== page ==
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Sugared Colas Banned in Elementary, Middle Schools in US
 

Sodas are out in lower grades
Beverage group reworks policies

By Caroline Wilbert
The Atlanta Journal-Constitution
August 17, 2005

In response to mounting pressure from health advocates, Coca-Cola, Pepsico and the rest of the soft drink industry are voluntarily banning sugary soda in elementary and middle schools and restricting sales in high schools.

The American Beverage Association announced the policy late Tuesday.

The move marks a significant change in strategy for the industry, which has been battling proposals for school vending regulations in legislatures and school districts.

"Childhood obesity is a serious problem in the U.S., and the responsibility for finding common-sense solutions is shared by everyone, including our industry," Susan Neely, ABA president and chief executive officer, said. "We intend to be part of the solution by increasing the availability of lower-calorie and/or nutritious beverages in schools."

The policy says that no carbonated soft drinks, regular or diet, will be sold in vending machines in elementary schools. Only water and 100 percent fruit juice will be allowed.

In middle schools, sugary carbonated soft drinks are out, but diet drinks are allowed, along with so-called healthier alternatives like water, sports drinks, 100 percent juices and diet juice drinks.

At high schools, no more than half the vending machine slots can be filled with carbonated soft drinks, whether regular or diet. The rest will be filled with water, juice, sports drinks and other noncarbonated drinks.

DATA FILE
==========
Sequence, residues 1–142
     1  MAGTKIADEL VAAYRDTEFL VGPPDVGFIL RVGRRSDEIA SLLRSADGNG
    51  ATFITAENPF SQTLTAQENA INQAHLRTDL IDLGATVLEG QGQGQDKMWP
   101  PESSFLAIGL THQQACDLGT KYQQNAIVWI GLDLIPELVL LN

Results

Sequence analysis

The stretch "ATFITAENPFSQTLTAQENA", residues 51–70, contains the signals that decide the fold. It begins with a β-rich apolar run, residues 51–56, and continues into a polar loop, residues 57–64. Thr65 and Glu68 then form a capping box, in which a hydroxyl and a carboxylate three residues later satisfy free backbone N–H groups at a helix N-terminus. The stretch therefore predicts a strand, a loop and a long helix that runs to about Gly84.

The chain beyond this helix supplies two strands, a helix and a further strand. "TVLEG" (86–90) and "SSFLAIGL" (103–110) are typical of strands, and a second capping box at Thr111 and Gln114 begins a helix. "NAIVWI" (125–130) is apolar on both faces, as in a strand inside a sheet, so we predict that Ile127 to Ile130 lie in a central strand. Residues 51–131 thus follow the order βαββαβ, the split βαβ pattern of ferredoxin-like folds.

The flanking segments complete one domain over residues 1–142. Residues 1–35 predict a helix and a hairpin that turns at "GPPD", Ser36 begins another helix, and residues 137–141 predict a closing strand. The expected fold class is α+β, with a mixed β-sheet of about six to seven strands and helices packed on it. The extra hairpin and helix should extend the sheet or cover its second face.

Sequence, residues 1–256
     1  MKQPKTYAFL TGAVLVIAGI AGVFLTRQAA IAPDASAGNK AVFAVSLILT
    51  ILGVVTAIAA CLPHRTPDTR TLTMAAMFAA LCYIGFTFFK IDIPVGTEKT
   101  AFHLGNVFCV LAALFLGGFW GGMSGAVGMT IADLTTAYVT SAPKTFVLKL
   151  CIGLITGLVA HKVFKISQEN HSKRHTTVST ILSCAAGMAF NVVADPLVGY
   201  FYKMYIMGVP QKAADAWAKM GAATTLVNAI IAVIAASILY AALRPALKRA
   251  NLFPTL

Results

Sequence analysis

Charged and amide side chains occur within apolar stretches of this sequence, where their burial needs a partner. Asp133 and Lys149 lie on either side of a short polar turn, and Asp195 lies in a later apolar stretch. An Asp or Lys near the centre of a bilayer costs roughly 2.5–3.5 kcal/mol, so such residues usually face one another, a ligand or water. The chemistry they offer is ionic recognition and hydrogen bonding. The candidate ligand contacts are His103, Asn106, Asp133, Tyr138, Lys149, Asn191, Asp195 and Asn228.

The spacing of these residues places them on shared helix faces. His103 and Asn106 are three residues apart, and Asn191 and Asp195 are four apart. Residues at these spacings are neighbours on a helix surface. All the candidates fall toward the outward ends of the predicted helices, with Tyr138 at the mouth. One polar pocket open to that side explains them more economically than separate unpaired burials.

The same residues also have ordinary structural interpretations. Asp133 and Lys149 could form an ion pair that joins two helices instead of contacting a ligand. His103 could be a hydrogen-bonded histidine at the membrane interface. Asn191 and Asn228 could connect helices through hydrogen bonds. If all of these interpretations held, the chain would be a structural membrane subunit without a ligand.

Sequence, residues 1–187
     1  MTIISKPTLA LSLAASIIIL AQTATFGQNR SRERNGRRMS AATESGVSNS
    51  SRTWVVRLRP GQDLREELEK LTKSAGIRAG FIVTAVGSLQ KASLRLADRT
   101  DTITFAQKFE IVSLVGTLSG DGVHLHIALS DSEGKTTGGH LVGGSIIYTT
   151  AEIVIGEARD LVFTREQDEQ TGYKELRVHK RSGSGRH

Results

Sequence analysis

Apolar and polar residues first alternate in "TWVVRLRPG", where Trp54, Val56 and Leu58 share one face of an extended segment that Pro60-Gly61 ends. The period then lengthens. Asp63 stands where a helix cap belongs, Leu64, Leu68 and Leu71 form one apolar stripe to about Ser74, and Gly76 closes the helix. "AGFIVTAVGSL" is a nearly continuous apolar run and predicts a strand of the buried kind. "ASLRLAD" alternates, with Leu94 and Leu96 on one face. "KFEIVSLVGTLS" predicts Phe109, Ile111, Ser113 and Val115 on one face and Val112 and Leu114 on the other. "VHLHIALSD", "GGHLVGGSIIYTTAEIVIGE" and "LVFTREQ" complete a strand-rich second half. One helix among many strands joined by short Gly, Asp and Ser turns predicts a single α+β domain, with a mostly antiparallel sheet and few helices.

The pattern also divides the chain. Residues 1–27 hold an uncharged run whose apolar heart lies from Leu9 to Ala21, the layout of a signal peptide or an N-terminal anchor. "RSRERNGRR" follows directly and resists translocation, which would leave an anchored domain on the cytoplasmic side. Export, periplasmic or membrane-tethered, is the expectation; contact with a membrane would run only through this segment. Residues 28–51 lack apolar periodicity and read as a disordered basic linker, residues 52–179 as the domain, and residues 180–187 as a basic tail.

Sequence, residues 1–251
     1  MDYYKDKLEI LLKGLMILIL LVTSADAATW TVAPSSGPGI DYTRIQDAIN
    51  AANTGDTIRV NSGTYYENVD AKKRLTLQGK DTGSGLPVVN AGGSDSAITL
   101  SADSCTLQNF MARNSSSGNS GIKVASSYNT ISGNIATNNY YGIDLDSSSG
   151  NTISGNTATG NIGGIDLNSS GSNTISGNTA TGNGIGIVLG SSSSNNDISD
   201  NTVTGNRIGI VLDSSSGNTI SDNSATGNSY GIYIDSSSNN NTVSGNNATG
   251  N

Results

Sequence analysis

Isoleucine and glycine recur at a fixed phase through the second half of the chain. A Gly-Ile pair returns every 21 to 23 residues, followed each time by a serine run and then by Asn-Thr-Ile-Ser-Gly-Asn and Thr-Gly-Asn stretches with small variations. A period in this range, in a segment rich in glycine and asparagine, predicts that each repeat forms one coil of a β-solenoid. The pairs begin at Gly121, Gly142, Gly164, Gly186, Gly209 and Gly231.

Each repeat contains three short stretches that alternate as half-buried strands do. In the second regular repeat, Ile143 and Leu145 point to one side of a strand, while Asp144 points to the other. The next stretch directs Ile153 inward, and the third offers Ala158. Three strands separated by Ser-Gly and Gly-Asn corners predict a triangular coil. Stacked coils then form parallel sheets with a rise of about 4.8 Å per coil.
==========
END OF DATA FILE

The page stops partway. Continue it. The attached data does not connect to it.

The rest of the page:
The soft drink industry's plan, first reported in The Atlanta Journal-Constitution last month, has been tweaked in recent weeks to include allowing diet drinks in middle schools. The beverage association's members include Coke, Pepsi, smaller beverage companies and bottlers.

The industry is likely to encounter some criticism from health advocates who say the policy doesn't go far enough.

Michael Jacobson, executive director of the Washington-based Center for Science in the Public Interest and an outspoken critic of the soft drink industry, called the new policy a "modest improvement to our current situation."

He said Tuesday he would like to see a ban on all carbonated soft drinks regular and diet in all schools.

"This does indicate that the industry is willing to make some small sacrifices, if only to protect its reputation," he said.

The industry already has a practice of not selling carbonated soft drinks to students in elementary schools, though the new proposal would make it more official and consistent.

And in middle and high schools, soft drink companies already are selling water, juice and sports drinks alongside sodas because they are popular with young consumers.

School sales don't represent significant revenue for beverage companies. For Coke, schools make up less than 1 percent of sales in North America.

But the change carries symbolic importance. The industry wants to show parents that it is taking the obesity issue seriously. In the past, Coke and other beverage companies have resisted restrictions because schools are a good place to market to young consumers and develop long-term brand loyalty.

Also, companies don't want limits that seem to acknowledge that soft drinks are bad for kids or that they lead to obesity.

The policy comes nearly a year after Canada's beverage industry instituted a ban on carbonated soft drinks in elementary and middle schools. The Canadian policy doesn't address high schools.

The issue was a hot topic in state legislatures this year, with 38 states considering school nutrition bills, most of which included a vending machine component. At least 15 laws were enacted.

Legislators in Georgia, the home of Coca-Cola, have not taken up the issue.

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